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Exodus 1:11-14

Context

1:11 So they put foremen 1  over the Israelites 2  to oppress 3  them with hard labor. As a result 4  they built Pithom and Rameses 5  as store cities for Pharaoh. 1:12 But the more the Egyptians 6  oppressed them, the more they multiplied and spread. 7  As a result the Egyptians loathed 8  the Israelites, 1:13 and they 9  made the Israelites serve rigorously. 10  1:14 They made their lives bitter 11  by 12  hard service with mortar and bricks and by all kinds of service 13  in the fields. Every kind of service the Israelites were required to give was rigorous. 14 

1 tn Heb “princes of work.” The word שָׂרֵי (sare, “princes”) has been translated using words such as “ruler,” “prince,” “leader,” “official,” “chief,” “commander,” and “captain” in different contexts. It appears again in 2:14 and 18:21 and 25. Hebrew מַס (mas) refers to a labor gang organized to provide unpaid labor, or corvée (Deut 20:11; Josh 17:13; 1 Kgs 9:15, 21). The entire phrase has been translated “foremen,” which combines the idea of oversight and labor. Cf. KJV, NAB, NASB, NRSV “taskmasters”; NIV “slave masters”; NLT “slave drivers.”

2 tn Heb “over them”; the referent (the Israelites) has been specified in the translation for clarity.

3 sn The verb עַנֹּתוֹ (’annoto) is the Piel infinitive construct from עָנָה (’anah, “to oppress”). The word has a wide range of meanings. Here it would include physical abuse, forced subjugation, and humiliation. This king was trying to crush the spirit of Israel by increasing their slave labor. Other terms in the passage that describe this intent include “bitter” and “crushing.”

4 tn The form is a preterite with the vav (ו) consecutive, וַיִּבֶן (vayyiven). The sequence expressed in this context includes the idea of result.

5 sn Many scholars assume that because this city was named Rameses, the Pharaoh had to be Rameses II, and hence that a late date for the exodus (and a late time for the sojourn in Egypt) is proved. But if the details of the context are taken as seriously as the mention of this name, this cannot be the case. If one grants for the sake of discussion that Rameses II was on the throne and oppressing Israel, it is necessary to note that Moses is not born yet. It would take about twenty or more years to build the city, then eighty more years before Moses appears before Pharaoh (Rameses), and then a couple of years for the plagues – this man would have been Pharaoh for over a hundred years. That is clearly not the case for the historical Rameses II. But even more determining is the fact that whoever the Pharaoh was for whom the Israelites built the treasure cities, he died before Moses began the plagues. The Bible says that when Moses grew up and killed the Egyptian, he fled from Pharaoh (whoever that was) and remained in exile until he heard that that Pharaoh had died. So this verse cannot be used for a date of the exodus in the days of Rameses, unless many other details in the chapters are ignored. If it is argued that Rameses was the Pharaoh of the oppression, then his successor would have been the Pharaoh of the exodus. Rameses reigned from 1304 b.c. until 1236 and then was succeeded by Merneptah. That would put the exodus far too late in time, for the Merneptah stela refers to Israel as a settled nation in their land. One would have to say that the name Rameses in this chapter may either refer to an earlier king, or, more likely, reflect an updating in the narrative to name the city according to its later name (it was called something else when they built it, but later Rameses finished it and named it after himself [see B. Jacob, Exodus, 14]). For further discussion see G. L. Archer, “An 18th Dynasty Ramses,” JETS 17 (1974): 49-50; and C. F. Aling, “The Biblical City of Ramses,” JETS 25 (1982): 129-37. Furthermore, for vv. 11-14, see K. A. Kitchen, “From the Brick Fields of Egypt,” TynBul 27 (1976): 137-47.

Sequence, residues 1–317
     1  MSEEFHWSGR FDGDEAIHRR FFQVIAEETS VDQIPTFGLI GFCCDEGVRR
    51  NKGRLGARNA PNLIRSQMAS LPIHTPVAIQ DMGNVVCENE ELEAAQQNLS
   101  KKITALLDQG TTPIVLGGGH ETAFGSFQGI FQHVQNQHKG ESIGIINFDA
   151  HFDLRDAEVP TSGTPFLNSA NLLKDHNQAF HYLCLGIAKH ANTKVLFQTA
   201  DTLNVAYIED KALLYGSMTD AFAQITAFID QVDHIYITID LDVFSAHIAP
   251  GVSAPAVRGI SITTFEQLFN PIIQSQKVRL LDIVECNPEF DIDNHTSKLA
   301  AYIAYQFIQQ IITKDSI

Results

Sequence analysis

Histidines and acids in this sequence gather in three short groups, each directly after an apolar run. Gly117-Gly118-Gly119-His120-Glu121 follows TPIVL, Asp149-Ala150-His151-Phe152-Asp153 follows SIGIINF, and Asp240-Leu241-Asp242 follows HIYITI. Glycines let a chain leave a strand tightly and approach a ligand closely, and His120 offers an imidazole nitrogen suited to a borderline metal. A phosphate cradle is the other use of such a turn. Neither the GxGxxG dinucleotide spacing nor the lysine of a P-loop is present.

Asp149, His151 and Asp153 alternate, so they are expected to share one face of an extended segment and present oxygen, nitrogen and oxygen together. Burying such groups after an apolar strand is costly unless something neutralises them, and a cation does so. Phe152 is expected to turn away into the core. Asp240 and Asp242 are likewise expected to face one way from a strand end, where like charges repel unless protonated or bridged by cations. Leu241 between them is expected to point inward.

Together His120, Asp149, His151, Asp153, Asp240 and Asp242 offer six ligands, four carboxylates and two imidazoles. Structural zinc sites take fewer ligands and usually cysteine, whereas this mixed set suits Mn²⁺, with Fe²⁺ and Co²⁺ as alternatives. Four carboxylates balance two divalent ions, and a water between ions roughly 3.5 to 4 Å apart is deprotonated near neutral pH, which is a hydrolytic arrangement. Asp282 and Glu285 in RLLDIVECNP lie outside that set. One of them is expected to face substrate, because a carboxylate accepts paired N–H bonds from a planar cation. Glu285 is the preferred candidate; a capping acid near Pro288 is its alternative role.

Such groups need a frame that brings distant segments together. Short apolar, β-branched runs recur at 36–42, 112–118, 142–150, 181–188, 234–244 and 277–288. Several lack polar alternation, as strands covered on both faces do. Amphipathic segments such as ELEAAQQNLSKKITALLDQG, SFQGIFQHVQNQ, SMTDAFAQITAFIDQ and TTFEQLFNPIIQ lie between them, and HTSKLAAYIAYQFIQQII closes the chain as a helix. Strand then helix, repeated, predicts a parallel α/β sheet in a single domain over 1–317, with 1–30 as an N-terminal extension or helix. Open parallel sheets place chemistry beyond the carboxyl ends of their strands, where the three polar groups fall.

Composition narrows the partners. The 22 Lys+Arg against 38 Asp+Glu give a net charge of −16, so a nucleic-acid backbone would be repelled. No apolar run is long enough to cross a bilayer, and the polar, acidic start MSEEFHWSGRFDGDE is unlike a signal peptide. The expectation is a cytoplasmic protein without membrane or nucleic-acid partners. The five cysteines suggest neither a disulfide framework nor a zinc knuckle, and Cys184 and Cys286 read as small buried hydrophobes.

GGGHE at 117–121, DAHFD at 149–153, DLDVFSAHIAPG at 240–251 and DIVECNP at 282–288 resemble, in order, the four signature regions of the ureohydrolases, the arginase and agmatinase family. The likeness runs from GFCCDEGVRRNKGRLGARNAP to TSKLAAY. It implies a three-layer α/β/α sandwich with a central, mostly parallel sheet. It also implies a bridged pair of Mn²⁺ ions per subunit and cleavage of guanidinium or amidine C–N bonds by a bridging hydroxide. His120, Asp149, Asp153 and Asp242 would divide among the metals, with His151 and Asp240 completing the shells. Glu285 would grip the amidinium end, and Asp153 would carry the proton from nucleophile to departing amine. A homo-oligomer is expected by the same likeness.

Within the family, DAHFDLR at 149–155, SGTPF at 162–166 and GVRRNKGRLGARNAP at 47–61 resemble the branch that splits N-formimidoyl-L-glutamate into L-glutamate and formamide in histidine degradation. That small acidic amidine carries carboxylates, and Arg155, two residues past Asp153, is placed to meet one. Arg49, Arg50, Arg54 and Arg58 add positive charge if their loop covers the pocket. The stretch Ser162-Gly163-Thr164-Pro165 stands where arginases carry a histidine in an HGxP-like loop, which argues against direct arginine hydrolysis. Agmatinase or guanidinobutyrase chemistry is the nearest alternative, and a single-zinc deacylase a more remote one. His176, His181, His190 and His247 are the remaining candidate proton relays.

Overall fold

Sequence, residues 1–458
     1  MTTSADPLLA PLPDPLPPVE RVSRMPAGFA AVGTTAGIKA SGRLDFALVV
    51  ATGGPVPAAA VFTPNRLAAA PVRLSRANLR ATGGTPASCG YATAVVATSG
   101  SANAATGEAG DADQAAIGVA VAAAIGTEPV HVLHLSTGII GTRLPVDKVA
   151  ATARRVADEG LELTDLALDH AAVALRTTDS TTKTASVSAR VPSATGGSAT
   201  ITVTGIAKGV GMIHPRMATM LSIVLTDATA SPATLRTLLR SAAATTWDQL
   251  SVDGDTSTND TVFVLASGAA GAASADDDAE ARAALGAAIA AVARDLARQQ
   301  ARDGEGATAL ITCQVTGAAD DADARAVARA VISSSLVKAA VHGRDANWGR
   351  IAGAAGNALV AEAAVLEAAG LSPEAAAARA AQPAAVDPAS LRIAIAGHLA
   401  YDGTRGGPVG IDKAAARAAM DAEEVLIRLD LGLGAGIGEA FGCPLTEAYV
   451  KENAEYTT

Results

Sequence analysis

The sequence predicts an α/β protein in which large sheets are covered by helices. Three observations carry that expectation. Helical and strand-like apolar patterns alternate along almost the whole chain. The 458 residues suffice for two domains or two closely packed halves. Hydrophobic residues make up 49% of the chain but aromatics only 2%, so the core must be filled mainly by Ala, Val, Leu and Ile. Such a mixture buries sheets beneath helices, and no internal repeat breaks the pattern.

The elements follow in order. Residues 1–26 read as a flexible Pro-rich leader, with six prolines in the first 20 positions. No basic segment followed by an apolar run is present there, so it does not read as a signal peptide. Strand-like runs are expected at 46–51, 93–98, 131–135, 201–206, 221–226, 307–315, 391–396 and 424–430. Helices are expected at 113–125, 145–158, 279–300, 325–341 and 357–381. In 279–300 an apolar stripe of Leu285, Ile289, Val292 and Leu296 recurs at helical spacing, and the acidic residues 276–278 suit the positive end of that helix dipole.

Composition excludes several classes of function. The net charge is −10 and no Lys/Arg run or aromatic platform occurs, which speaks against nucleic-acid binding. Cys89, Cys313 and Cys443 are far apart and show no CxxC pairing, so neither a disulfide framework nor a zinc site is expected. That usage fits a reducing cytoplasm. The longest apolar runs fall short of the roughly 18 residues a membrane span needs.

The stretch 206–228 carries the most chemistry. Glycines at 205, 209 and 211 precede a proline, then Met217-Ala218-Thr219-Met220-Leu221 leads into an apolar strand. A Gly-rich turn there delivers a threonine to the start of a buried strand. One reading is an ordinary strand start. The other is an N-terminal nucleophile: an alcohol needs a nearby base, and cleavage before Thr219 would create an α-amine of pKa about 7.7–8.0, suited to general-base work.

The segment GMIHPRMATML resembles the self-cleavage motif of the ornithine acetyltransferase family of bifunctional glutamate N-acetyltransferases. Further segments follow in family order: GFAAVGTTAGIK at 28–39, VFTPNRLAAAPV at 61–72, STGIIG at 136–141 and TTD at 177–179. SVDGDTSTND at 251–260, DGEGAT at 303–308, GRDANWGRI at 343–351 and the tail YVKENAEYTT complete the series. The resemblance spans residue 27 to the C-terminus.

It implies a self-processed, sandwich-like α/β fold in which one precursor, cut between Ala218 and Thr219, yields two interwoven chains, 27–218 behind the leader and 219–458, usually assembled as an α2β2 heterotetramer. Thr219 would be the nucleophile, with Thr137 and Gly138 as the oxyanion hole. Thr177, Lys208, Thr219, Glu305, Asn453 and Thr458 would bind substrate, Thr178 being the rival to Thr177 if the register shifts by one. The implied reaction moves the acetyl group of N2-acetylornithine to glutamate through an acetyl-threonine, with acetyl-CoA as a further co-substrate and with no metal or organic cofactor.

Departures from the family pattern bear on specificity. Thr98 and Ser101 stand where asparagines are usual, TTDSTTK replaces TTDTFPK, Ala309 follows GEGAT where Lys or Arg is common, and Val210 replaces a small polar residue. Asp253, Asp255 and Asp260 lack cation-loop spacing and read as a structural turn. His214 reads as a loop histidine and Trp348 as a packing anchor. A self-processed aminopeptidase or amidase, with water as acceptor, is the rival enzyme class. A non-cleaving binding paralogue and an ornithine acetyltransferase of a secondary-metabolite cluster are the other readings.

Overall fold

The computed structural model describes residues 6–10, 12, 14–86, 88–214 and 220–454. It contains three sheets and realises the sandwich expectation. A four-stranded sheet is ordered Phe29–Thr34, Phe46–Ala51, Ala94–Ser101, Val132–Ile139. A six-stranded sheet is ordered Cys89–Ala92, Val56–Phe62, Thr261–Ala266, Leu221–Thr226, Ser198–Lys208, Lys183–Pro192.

6 tn Heb “they”; the referent (the Egyptians) has been specified in the translation for clarity.

7 tn The imperfect tenses in this verse are customary uses, expressing continual action in past time (see GKC 315 §107.e). For other examples of כַּאֲשֶׁר (kaasher) with כֵּן (ken) expressing a comparison (“just as…so”) see Gen 41:13; Judg 1:7; Isa 31:4.

sn Nothing in the oppression caused this, of course. Rather, the blessing of God (Gen 12:1-3) was on Israel in spite of the efforts of Egypt to hinder it. According to Gen 15 God had foretold that there would be this period of oppression (עָנָה [’anah] in Gen 15:13). In other words, God had decreed and predicted both their becoming a great nation and the oppression to show that he could fulfill his promise to Abraham in spite of the bondage.

8 tn Heb “they felt a loathing before/because of”; the referent (the Egyptians) has been specified in the translation for clarity.

9 tn Heb “the Egyptians.” For stylistic reasons this has been replaced by the pronoun “they” in the translation.

10 tn Heb “with rigor, oppression.”

11 sn The verb מָרַר (marar) anticipates the introduction of the theme of bitterness in the instructions for the Passover.

12 tn The preposition bet (ב) in this verse has the instrumental use: “by means of” (see GKC 380 §119.o).

13 tn Heb “and in all service.”

14 tn The line could be more literally translated, “All their service in which they served them [was] with rigor.” This takes the referent of בָּהֶם (bahem) to be the Egyptians. The pronoun may also resume the reference to the kinds of service and so not be needed in English: “All their service in which they served [was] with rigor.”



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